The lucky apes — Ganyeka, Yakini and Motaba — currently live at the Werribee Open Range Zoo in Melbourne, Australia. According to PRI, one of the zookeepers discovered that the silverback gorillas responded quite positively to Bublé's dulcet tones:
When we play Michael Bublé's CDs, the boys will instantly start pleasure grumbling and sit nice and calm and relaxed. Our theory is it’s the beautiful low tones that he sings with kind of mimics their pleasure grumble. And they’ve even been shown to hum little food songs when they eat, and we think [Bublé] must really resonate with that sound.
So as long as Bublé was in Australia anyway, they got him to stop by the zoo and surprise the silverbacks with a little private croon.
Canadian singer delights his gorilla superfans with Christmas songs [María Elena Romero / PRI]
In this difficult economy, it's worth doing everything you can to keep from having to visit a doctor or dentist. This gorilla gets it: Instead of booking an appointment, which would cost its troop a boatload of money, it goes on ahead and extracts its own tooth, like a furry boss. Read the rest
A man showed photos of gorillas to a gorilla at a zoo, and the gorilla was interested. Read the rest
HEADLINE CORRECTED BASED ON NEW INFORMATION, SEE UPDATE BELOW:
A man dressed as a gorilla at a Tenerife, Spain zoo who was participating in a drill was mistakenly shot with a dart containing a massive dose of tranquilizer. Apparently, the vet who fired the shot wasn't aware that it was a drill. From the zoo's statement:
“Loro Parque simulated the escape of an animal from its enclosure in the gorilla park.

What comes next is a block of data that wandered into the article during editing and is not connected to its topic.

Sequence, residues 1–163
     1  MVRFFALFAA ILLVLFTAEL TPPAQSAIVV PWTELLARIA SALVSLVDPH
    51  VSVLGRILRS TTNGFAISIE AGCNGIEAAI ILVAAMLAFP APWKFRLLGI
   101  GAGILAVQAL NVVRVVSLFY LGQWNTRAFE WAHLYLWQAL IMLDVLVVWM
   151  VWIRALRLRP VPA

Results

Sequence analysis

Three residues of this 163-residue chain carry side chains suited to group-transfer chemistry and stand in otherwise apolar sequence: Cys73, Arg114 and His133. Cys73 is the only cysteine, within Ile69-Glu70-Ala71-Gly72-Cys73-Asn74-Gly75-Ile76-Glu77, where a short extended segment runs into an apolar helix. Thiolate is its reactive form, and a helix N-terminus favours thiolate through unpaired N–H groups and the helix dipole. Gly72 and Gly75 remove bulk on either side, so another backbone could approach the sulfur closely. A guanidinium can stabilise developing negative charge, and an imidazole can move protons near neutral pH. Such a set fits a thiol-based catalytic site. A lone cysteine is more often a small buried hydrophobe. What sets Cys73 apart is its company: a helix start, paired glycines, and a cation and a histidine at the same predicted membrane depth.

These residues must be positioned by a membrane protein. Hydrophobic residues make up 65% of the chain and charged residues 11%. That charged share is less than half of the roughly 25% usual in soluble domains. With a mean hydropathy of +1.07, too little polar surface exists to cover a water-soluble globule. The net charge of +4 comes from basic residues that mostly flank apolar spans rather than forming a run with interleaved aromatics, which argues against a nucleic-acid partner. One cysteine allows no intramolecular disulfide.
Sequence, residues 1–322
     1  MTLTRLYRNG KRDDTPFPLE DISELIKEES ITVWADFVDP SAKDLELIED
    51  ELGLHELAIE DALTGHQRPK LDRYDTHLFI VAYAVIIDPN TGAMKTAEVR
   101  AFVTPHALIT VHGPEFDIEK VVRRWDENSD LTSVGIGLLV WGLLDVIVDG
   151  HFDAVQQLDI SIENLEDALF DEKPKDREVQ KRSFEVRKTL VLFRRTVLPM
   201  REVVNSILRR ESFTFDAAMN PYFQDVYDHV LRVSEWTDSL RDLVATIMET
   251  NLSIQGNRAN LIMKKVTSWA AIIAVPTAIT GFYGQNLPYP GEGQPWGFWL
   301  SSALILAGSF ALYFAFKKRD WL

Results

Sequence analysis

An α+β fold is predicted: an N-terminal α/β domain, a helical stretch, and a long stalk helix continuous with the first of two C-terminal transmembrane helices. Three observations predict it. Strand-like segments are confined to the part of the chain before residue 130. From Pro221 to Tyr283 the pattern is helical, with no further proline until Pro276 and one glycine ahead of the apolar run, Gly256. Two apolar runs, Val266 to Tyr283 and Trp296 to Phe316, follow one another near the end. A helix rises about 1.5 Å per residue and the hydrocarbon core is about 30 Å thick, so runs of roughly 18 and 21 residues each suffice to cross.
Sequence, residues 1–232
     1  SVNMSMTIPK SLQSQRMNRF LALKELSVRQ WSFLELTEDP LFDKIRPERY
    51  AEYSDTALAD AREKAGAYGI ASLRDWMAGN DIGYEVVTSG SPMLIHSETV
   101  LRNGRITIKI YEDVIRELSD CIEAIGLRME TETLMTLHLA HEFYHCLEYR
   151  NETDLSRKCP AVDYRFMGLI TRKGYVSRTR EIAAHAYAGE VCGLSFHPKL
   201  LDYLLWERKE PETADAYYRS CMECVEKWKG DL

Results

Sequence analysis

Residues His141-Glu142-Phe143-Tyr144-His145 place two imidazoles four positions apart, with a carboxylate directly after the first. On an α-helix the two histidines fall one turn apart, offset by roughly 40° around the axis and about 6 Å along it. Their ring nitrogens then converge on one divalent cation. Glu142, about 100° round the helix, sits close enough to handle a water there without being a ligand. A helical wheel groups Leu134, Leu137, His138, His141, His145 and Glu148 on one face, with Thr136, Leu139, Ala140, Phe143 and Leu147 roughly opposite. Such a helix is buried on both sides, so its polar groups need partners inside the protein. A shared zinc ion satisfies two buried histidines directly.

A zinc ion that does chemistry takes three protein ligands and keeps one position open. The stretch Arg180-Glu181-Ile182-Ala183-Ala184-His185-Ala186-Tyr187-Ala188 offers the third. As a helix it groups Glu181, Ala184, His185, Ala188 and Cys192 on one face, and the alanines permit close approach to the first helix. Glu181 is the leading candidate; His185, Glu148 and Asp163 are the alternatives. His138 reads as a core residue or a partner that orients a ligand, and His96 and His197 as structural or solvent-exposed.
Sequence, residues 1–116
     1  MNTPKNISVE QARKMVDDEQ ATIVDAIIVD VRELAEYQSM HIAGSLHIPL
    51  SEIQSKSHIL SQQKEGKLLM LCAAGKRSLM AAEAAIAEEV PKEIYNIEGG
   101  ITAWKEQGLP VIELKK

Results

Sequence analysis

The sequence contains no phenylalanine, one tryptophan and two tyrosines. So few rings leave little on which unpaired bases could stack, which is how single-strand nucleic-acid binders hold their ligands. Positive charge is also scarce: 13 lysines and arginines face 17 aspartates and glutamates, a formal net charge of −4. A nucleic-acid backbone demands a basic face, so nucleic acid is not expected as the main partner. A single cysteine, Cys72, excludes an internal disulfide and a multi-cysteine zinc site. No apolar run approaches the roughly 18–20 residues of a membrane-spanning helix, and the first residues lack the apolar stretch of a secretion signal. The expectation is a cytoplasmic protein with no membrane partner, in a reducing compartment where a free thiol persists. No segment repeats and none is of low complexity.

“As part of the simulation, which took place in the security zone of the area and was attended only by authorised personnel, they set off the emergency alarm.
“Once they had carried out the various procedures, one keeper in the wild mammals team was accidentally struck by the medical tranquiliser that vets use in these instances.
“As a result, emergency services were called and he was taken to hospital.”
"Zoo employee shot in error while dressed as a gorilla" (Irish Examiner)
Carrie McLaren is a guest blogger at Boing Boing and coauthor of Ad Nauseam: A Survivor's Guide to American Consumer Culture. She lives in Brooklyn, the former home of her now defunct Stay Free! magazine.
As mentioned earlier, I collect books by people who have raised apes or monkeys in their homes, so, as a service to Boing Boing readers, I thought I'd review them for you.
Toto and I: A Gorilla in the Family, by A Maria Hoyt (1941)
A charming memoir by an eccentric heiress who brought Toto home after her husband, working for the Museum of Natural History in New York, shot Toto's mother on the hunt for a specimen. Despite marrying a mommy killer, Hoyt goes to the wall to help young Toto, even moving to Cuba to accommodate her charge. There are lots of choice anecdotes in this book but my favorite involve sleep training the gorilla. Like many children, Toto insisted on sleeping with her parents. Caregiver Thomas and Toto slept in separate beds in Toto's room; each night over the course of month, Tomas moved his bed farther and farther away from Toto until he was actually out of her room. (Incidentally, this is essentially the same method recommended by the Sleep Lady.) Before Toto was weaned from cosleeping, however, she "punished" Tomas by locking him in her bedroom:
Read the rest
[Toto] slammed the door after him, deftly locking it from the playroom side. Since the windows were heavily barred, Tomas was now securely confined with Toto, his jailer, dancing in triumphant joy in the other room....